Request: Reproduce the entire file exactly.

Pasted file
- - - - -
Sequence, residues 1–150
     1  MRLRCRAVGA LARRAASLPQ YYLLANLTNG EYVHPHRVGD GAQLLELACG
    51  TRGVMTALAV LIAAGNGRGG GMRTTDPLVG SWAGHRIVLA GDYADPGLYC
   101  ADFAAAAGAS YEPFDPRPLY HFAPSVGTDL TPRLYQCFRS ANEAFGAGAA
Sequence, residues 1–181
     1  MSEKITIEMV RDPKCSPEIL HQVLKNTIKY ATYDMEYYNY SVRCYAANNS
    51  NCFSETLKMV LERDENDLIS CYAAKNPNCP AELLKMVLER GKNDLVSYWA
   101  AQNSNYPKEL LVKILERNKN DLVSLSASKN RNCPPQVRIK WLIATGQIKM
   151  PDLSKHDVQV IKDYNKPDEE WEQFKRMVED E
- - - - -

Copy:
Sequence, residues 1–150
     1  MRLRCRAVGA LARRAASLPQ YYLLANLTNG EYVHPHRVGD GAQLLELACG
    51  TRGVMTALAV LIAAGNGRGG GMRTTDPLVG SWAGHRIVLA GDYADPGLYC
   101  ADFAAAAGAS YEPFDPRPLY HFAPSVGTDL TPRLYQCFRS ANEAFGAGAA
Sequence, residues 1–181
     1  MSEKITIEMV RDPKCSPEIL HQVLKNTIKY ATYDMEYYNY SVRCYAANNS
    51  NCFSETLKMV LERDENDLIS CYAAKNPNCP AELLKMVLER GKNDLVSYWA
   101  AQNSNYPKEL LVKILERNKN DLVSLSASKN RNCPPQVRIK WLIATGQIKM
   151  PDLSKHDVQV IKDYNKPDEE WEQFKRMVED E